Traveling together in a white van, they make occasional stops to try to sell magazines to affluent Midwest suburbanites, and even to residents of trailer camps who barely have enough money to feed their families. The manager of this business is Krystal (Riley Keough, Elvis Presley’s granddaughter), who is no older than her employees. With her gaudily cheap exterior, she runs things with a toughness that fuses the comic and the harrowing.
Jake teaches Star the tricks of the trade, in which anything goes in the effort to sell potential subscribers magazines in which they have no interest. The plot follows the group’s travels through the states that comprise the American Midwest and their efforts to fulfill their business goal. A key theme is Star’s integration into the group, the way she gets to be an accomplished player of the rules of the game, and her maturation in the course of the journey. One of the film’s subtleties lies in the fact that it’s precisely by integrating into the group that Star is able to fashion her own independent identity.
A particularly interesting facet of “American Honey” lies in its depiction of young people who are dropouts from the established American society yet are not in the least rebellious. On the contrary: They are up to their necks in the capitalist game of sell, sell, sell, and the selling, with its obligatory strategems and tricks, affords them as much enjoyment as the journey itself, with its camaraderie and shared fun. Each of these young people seems to be a misfit who has no chance of becoming part of the established system and of realizing the American dream that spurs them on. At the same time, they are trapped within the system, even if it has nothing to offer them. Hence the sense of nullity that suffuses the film even at its most fervent moments.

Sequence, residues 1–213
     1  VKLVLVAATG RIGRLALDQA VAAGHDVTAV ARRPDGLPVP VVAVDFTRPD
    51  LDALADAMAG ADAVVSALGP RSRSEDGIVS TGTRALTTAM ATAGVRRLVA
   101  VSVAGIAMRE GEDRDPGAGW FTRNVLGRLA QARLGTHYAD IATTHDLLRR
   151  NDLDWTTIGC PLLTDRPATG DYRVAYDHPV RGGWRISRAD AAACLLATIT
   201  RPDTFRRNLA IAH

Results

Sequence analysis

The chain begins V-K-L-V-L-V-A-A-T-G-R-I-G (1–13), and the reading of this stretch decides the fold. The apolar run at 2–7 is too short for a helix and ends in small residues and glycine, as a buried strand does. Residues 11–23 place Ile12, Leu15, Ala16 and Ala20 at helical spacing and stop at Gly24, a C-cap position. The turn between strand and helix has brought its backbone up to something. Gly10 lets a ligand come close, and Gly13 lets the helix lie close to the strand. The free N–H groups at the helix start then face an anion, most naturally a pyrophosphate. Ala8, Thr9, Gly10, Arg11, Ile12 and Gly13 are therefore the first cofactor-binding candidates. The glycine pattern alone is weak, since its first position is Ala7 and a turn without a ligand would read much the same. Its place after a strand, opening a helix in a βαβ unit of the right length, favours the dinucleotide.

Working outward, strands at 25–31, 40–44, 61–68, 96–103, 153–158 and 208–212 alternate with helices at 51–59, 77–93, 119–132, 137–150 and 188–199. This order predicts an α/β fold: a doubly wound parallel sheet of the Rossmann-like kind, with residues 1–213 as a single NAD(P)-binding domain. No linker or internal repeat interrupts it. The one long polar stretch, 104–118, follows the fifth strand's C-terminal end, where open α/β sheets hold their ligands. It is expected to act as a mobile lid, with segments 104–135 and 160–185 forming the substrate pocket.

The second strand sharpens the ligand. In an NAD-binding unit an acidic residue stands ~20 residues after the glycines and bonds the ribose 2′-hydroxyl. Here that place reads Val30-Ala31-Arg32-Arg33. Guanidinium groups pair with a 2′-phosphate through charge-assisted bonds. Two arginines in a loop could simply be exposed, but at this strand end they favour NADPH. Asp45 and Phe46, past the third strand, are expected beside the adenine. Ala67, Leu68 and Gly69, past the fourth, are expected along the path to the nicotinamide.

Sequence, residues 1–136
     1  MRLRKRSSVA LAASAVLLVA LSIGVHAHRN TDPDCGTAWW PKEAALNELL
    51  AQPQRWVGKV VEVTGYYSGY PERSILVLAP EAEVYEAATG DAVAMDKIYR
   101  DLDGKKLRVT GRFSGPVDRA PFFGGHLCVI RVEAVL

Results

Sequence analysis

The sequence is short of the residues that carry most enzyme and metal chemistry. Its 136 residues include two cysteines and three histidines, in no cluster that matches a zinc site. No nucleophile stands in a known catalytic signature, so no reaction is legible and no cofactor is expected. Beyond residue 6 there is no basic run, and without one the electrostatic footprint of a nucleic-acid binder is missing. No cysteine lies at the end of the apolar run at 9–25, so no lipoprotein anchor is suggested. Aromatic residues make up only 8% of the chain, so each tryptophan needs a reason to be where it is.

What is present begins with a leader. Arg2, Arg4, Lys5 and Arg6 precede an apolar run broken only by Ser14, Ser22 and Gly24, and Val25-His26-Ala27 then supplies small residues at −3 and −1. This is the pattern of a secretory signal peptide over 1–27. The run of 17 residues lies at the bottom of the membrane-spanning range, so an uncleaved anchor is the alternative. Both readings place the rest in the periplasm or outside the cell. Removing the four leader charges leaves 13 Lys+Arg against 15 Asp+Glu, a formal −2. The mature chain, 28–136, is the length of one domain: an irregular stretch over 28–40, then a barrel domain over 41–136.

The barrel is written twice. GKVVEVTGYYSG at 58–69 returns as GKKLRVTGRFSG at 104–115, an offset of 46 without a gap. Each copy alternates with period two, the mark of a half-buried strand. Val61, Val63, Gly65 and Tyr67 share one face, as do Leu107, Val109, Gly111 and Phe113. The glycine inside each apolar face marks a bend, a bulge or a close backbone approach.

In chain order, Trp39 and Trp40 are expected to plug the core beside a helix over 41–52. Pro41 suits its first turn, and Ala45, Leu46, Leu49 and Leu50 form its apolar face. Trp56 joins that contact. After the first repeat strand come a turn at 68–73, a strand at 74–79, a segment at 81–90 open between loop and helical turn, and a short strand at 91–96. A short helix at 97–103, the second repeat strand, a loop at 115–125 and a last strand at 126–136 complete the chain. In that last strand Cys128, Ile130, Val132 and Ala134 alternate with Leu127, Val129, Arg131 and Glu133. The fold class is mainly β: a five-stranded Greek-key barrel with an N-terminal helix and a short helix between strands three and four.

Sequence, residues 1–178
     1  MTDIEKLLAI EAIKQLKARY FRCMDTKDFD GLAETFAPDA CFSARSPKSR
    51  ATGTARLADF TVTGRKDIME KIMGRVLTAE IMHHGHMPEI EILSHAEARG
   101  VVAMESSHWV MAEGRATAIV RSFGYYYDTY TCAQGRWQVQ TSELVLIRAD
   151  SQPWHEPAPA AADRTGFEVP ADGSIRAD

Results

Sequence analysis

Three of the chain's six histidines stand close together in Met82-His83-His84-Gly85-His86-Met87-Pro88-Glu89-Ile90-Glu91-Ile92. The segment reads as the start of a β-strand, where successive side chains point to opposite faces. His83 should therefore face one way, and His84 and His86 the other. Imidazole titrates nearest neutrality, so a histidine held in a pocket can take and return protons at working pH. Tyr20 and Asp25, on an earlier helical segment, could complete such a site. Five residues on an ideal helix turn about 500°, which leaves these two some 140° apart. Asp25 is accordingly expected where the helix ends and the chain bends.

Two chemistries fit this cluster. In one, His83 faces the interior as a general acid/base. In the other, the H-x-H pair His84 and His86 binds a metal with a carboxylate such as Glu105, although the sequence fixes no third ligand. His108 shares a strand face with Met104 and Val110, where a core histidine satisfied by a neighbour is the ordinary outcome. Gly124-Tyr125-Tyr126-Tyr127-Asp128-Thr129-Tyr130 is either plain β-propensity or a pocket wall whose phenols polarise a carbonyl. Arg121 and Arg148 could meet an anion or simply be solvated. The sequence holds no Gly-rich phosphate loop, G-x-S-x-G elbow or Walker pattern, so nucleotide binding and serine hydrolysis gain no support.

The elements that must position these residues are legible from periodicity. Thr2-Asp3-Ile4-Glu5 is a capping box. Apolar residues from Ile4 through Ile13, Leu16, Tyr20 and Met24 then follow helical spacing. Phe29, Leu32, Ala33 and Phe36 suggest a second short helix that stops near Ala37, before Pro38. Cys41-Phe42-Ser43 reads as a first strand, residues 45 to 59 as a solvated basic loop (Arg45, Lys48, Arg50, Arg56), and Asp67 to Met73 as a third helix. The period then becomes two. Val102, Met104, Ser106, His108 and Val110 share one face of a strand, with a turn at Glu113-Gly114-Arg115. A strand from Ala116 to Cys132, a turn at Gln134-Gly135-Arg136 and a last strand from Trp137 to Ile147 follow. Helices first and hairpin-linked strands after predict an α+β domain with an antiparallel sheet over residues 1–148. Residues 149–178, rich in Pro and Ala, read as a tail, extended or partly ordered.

Through all this, Star’s intensity shines through; she is like a spotlight that illuminates her surroundings. Seemingly, there is no difference between her and the others. But in practice, her emerging independence is the result of her awareness of the ease with which she, too, can fall into the trap that the journey and its capitalist essence hold out for her. She recognizes that the freedom the road trip and its participants represent for her is characterized by conformism that is posing as its opposite.
Even if not everything works in Arnold’s film, and the boldness that permeates it sometimes morphs into a feeling of arrogance, as often happens with what is perceived as cinematic daring, it’s a work that stirs interest and also esteem. “American Honey” pulses with a cinematic energy to which the viewer responds, even when it starts to become tiresome. But whenever the movie seems to be on a treadmill, vitiated by a certain meagerness, the richness at its core is revealed again – if not in the next scene, then in the one after it.
American Honey Written and directed by Andrea Arnold; with Sasha Lane, Shia LaBeouf, Riley Keough, McCaul Lombardi, Arielle Holmes